Recipe by Member #610488
Low and slow, that's the recipe for delicious BBQ made using a charcoal grill.
- 2 racks ribs, prepared your way
- 1 charcoal, grill
- 5 cups large wood chips, soaked in water (hard wood from trees that lose leaves in winter)
- 1 meat, thermometer
- 1 charcoal, chimney
- 1 (20 lb) bag charcoal
- 2 aluminum foil, pans (half the size of your grill)
Directions See How It's Made
- Prepare your ribs as you wish. There are lots of recipes out on the net.
- Start with a clean grill. Remove the cooking grate and start the charcoal using a full charcoal chimney, which will light the perfect amount of charcoal. You will need enough charcoal to cover half the coal grate, about three layers thick (that's three layers of charcoal).
- Once the charcoal is lit, place one of the aluminum pans on the coal grate and pour the charcoal on the other side. Bend the aluminum pan to fit the grill shape to make it easier to work with.
- Add the wood to the charcoal. I suggest large wood chunks since it will take longer to burn and provides smoke as you need it.
- Return the cooking grate and place the second aluminum pan on it, directly over the charcoal. Fill with as much water as it can hold. The goal is to keep the grill at a temperature just above the boiling point of water (around 225 degrees F.) The water will steam away slowly and you shouldn't need to add more water, but keep an eye on it.
- With the grill set up, we can add the ribs. Space the ribs as well as you can. One tip to remember is to push the ends of the ribs together once on the grill.
- For baby back ribs, use a 3-1-1 method. This means three hours smoking, one hour cooking wrapped in foil, and then another hour unwrapped to finish off. For spare ribs, use a 3-2-1 method. You do not have to use this method and can simply grill the ribs unwrapped through the whole process. However, wrapping will steam the ribs and make them more tender.
- Because the heat is to one side of our cooking area, it will be important to rotate the ribs as they cook to keep the heat even. You should flip and switch the two racks cooking after 1 1/2 hours. If you do not wrap the ribs, continue flipping and switching them every 1 1/2 hours.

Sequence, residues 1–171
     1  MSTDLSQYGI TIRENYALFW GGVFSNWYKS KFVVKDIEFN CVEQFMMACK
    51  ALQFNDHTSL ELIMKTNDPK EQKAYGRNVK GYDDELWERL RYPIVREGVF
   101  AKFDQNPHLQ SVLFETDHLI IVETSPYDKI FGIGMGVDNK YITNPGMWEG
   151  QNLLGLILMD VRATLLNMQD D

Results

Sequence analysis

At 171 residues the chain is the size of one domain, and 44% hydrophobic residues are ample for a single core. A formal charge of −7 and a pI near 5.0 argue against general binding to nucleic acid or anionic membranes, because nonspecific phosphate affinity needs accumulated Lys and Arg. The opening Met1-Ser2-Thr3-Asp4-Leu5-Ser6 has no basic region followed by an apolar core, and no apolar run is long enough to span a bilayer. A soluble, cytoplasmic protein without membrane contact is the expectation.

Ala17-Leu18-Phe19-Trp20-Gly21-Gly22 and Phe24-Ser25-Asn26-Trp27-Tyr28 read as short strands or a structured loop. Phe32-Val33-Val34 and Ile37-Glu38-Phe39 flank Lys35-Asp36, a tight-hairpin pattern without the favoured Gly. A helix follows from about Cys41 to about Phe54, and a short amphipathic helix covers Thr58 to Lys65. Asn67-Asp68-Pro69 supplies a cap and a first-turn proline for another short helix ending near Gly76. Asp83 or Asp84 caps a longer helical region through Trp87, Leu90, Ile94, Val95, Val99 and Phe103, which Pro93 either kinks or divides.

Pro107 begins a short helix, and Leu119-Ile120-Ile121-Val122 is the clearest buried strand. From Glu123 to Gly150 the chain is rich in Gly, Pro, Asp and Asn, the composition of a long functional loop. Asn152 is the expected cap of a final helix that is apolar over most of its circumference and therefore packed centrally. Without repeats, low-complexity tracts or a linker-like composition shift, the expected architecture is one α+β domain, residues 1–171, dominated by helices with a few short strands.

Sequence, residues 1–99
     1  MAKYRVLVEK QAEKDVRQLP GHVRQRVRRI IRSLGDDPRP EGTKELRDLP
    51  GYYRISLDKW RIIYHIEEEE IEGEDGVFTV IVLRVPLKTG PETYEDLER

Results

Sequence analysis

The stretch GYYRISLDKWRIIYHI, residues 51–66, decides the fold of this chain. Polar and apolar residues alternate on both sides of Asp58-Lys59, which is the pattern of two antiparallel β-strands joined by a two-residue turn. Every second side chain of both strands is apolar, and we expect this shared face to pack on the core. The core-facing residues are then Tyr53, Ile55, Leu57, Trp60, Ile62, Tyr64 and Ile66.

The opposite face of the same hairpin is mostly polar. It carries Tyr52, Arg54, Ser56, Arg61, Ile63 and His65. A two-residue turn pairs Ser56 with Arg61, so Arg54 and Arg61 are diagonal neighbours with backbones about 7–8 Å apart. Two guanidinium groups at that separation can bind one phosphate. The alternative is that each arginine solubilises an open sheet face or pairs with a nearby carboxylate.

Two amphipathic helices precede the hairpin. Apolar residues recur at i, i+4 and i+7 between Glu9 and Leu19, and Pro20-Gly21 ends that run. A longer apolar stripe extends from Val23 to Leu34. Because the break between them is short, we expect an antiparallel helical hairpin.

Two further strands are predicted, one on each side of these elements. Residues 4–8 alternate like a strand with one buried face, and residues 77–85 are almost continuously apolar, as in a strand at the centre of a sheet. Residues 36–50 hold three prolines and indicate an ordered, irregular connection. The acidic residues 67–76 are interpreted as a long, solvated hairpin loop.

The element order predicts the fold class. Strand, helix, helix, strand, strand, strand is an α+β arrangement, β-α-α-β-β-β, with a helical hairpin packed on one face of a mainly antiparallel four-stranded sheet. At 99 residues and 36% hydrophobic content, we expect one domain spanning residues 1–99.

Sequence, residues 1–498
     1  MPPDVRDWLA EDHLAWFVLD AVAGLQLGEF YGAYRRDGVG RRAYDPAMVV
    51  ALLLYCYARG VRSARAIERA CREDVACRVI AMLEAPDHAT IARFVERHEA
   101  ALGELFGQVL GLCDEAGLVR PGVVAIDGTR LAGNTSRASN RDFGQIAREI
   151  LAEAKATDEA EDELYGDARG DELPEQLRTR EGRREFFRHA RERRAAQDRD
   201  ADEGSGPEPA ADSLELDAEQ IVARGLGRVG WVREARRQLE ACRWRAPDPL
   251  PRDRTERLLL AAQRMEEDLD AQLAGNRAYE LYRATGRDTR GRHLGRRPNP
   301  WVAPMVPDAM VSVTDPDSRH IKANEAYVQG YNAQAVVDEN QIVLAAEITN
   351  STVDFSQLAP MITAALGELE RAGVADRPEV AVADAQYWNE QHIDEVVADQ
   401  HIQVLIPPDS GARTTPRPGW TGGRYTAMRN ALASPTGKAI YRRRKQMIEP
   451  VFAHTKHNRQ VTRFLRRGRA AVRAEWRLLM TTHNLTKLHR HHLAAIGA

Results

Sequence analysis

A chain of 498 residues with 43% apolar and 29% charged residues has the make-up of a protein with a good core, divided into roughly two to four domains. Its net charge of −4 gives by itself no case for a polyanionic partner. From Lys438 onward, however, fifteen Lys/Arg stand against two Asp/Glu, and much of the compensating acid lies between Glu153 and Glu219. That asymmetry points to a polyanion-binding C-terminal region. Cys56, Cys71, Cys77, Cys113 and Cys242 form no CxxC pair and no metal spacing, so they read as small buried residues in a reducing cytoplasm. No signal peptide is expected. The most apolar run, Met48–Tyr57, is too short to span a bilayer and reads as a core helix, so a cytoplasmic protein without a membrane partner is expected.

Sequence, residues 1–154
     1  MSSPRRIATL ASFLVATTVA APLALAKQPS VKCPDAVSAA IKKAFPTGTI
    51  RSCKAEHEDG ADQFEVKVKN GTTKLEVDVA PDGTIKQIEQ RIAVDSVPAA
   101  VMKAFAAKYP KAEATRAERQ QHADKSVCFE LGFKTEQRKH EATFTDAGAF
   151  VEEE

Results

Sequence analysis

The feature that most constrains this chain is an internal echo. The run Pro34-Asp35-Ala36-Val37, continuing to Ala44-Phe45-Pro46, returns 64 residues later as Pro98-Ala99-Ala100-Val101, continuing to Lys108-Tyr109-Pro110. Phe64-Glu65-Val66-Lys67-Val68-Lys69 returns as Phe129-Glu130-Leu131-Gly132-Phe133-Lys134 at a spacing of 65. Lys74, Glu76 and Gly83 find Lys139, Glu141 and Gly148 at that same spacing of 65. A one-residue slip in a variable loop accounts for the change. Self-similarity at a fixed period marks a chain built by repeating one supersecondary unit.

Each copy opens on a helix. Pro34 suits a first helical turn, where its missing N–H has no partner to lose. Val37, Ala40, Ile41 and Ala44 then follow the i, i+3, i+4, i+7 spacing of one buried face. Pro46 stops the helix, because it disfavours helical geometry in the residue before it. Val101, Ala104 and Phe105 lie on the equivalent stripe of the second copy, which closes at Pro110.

- Add more wood every hour - first hour and second hour and at the beginning of the last hour. If you do not wrap, add more every hour.
- After three hours on the grill, wrap the ribs lightly in aluminum foil. Keep the temperature steady during this cooking time. After the steaming phase, return unwrapped meat to grill.
- Now we get to the final phase of our barbecue ribs. 30 minutes into the final hour, it's time to slather on the barbecue sauce (if you intend to sauce your ribs). This should be done in thin layers.
- By layering on the sauce, you get a sticky surface to the ribs and not a thick wet coating. Start by putting a layer on the ribs, turn them over and coat the other side. Close the lid on your grill for about five minutes and repeat. I generally do this about 5 times.
- This final hour on the grill is going to give the ribs a drier surface so that you get some texture out of the bite. What you want to look for is how well cooked the ribs are. For this, use a meat thermometer (look for a temperature around 180 to 190 degrees F). Unfortunately, with ribs this can be a challenge.
- The bone will be a different temperature from the meat and to get an accurate read, you will need to check the meat without getting the thermometer too close to the bone.
- Another way to check for doneness is to lift the ribs in the middle. If the ends droop loosely down from the middle the ribs are done. This is an old pitmaster trick and if you keep it in mind when cooking ribs, you will get the hang of it and be able to tell when ribs are done by using this technique. Take the ribs off the grill, cover and allow to rest for 5 to 10 minutes. Then carve and serve.